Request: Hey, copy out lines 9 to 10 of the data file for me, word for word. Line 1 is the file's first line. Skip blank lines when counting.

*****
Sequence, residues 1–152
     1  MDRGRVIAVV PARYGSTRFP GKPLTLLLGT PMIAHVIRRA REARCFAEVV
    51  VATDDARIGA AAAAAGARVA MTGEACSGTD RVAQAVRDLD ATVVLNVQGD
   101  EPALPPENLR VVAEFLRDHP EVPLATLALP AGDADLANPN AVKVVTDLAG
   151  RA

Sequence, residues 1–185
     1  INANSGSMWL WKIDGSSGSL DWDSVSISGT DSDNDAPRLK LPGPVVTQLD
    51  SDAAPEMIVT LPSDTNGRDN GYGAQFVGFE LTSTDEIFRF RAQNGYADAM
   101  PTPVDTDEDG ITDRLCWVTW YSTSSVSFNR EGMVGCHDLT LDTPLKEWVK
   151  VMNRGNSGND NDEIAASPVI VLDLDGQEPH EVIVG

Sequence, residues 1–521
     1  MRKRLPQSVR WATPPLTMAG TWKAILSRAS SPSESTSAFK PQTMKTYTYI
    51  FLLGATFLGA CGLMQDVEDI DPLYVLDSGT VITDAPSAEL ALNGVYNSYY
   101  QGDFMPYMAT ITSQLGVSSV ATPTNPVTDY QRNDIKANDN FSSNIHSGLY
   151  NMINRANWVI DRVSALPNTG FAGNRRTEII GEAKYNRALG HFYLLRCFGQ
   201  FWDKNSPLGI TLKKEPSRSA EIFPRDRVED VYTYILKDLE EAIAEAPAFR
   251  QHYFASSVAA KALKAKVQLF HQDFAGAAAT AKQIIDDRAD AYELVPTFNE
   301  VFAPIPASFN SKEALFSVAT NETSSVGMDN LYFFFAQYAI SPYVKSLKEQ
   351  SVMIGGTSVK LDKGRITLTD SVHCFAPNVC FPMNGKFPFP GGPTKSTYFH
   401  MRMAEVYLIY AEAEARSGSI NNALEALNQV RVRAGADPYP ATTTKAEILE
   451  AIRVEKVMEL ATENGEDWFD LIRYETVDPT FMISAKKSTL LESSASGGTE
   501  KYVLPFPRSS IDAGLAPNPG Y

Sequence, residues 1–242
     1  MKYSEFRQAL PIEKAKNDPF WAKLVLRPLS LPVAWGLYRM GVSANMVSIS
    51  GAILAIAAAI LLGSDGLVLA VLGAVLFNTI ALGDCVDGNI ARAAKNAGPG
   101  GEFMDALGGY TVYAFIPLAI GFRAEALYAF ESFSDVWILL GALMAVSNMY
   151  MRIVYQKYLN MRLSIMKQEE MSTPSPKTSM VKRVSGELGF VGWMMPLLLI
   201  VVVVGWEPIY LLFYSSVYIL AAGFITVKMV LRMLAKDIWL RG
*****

   101  PTPVDTDEDG ITDRLCWVTW YSTSSVSFNR EGMVGCHDLT LDTPLKEWVK
   151  VMNRGNSGND NDEIAASPVI VLDLDGQEPH EVIVG